Why Read John’s Gospel?

Peter Barnes: John 20:30,31

(17 November 2019)


A. J. P. Taylor said he wrote history books simply to amuse. James Boswell in 1791 published his Life of Samuel Johnson to celebrate the one whom he saw as ‘the brightest ornament of the eighteenth century’. Richard Dawkins in 2006 published The God Delusion: ‘If this book works as I intend, religious readers who open it will be atheists when they put it down.’ He tells us why he wrote his Gospel – 20:30-31; see also 1 John 5:13.

1. The Bible is sufficient but not exhaustive.

– 20:30. John tells of seven signs: the turning of the water into wine (John 2); the healing of the official’s son (John 4); the healing of the lame man by a pool (John 5); the feeding of the five thousand (John 6); Jesus’ walking on water (John 6); the healing of the man born blind (John 9); and the raising of Lazarus from the dead (John 11). John knows that there were many more – John 12:37.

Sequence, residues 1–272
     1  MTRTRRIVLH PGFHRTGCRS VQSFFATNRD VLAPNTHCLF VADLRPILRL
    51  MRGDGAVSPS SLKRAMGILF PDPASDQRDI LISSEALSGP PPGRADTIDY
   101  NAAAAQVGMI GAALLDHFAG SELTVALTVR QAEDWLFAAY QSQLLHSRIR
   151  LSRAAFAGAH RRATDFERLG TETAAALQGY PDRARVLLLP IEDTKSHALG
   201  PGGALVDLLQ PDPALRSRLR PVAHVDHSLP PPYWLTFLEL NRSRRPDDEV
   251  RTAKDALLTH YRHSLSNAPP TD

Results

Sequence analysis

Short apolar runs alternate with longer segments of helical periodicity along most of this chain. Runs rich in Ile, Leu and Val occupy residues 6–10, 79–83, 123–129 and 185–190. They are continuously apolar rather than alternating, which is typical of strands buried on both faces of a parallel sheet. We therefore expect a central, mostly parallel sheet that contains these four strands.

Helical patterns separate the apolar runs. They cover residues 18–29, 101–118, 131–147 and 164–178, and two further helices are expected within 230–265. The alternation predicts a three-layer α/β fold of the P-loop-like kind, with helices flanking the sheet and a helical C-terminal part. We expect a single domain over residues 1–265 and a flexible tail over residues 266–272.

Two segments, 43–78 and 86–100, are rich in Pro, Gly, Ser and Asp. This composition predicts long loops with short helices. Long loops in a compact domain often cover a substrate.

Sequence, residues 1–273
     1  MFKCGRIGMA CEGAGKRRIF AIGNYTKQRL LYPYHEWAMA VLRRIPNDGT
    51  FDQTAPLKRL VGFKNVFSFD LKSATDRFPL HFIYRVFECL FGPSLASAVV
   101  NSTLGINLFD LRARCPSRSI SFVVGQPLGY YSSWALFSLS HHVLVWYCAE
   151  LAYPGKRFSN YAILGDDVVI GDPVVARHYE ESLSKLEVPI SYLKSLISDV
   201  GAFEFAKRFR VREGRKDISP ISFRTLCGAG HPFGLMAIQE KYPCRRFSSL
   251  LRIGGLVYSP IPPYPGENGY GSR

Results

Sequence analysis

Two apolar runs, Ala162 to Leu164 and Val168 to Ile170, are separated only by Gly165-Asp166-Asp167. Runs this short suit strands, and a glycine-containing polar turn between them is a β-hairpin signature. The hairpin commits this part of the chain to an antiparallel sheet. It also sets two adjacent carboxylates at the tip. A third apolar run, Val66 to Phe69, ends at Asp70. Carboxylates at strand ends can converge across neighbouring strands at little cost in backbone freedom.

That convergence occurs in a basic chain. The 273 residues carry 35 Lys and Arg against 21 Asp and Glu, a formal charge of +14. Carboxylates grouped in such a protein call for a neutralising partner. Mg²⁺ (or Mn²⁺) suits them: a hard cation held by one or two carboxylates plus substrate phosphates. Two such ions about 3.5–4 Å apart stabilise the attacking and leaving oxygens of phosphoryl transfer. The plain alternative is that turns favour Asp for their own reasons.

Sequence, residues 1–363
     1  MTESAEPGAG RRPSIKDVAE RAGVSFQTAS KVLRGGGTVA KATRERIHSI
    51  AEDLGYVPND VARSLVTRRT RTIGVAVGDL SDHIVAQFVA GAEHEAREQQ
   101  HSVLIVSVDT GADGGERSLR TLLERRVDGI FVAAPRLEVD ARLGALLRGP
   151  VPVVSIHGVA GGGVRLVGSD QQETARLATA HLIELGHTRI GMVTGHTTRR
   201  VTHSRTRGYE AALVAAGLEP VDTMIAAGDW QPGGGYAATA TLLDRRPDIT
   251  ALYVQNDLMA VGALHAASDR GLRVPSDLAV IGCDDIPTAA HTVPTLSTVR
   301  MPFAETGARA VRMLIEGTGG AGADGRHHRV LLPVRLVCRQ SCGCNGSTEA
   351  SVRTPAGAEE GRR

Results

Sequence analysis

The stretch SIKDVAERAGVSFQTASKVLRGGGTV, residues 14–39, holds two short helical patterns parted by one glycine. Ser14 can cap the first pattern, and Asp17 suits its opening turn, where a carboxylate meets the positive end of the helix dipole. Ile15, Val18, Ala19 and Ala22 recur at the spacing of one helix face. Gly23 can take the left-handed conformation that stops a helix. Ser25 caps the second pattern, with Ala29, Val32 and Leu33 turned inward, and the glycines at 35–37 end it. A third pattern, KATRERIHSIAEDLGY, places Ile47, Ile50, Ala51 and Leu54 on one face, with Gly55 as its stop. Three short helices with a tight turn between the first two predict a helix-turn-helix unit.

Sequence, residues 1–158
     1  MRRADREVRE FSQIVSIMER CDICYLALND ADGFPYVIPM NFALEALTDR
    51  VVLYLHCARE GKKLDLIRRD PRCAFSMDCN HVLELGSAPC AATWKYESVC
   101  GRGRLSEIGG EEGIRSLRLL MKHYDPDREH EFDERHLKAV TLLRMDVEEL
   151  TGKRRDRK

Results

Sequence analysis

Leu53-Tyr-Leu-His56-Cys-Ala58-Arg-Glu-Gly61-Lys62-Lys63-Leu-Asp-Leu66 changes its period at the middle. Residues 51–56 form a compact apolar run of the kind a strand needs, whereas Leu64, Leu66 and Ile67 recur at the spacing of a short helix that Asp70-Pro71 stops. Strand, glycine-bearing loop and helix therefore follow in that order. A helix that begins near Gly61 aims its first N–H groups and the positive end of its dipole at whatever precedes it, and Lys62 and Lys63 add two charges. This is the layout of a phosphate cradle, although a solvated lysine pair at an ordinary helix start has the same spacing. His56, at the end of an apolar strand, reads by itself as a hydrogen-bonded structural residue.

– Acts 1:3. John could have written of all the signs but instead wrote a relatively short biography of some 15,635 Greek words.

2. John’s Gospel tells us who Jesus is.

– John 5:36; 20:31a. First, the man Jesus of Nazareth is the Christ, the Messiah, the anointed one. See Ps.110:1, 4; Ps.2:1-3, 8-9, 12; Dan.9:24-27. Note John 4:25-26, 39, 42.

– Secondly, Jesus is also the Son of God (John 5:18; 20:28; 11:27).

3. Faith in Jesus will give us life.

– 20:31b. Hence John 5:24. William Tyndale: ‘In the gospel, when we believe the promises, we receive the spirit of life; and are justified, in the blood of Christ, from all things whereof the law condemned us. And we receive love unto the law, and power to fulfill it, and grow therein daily.’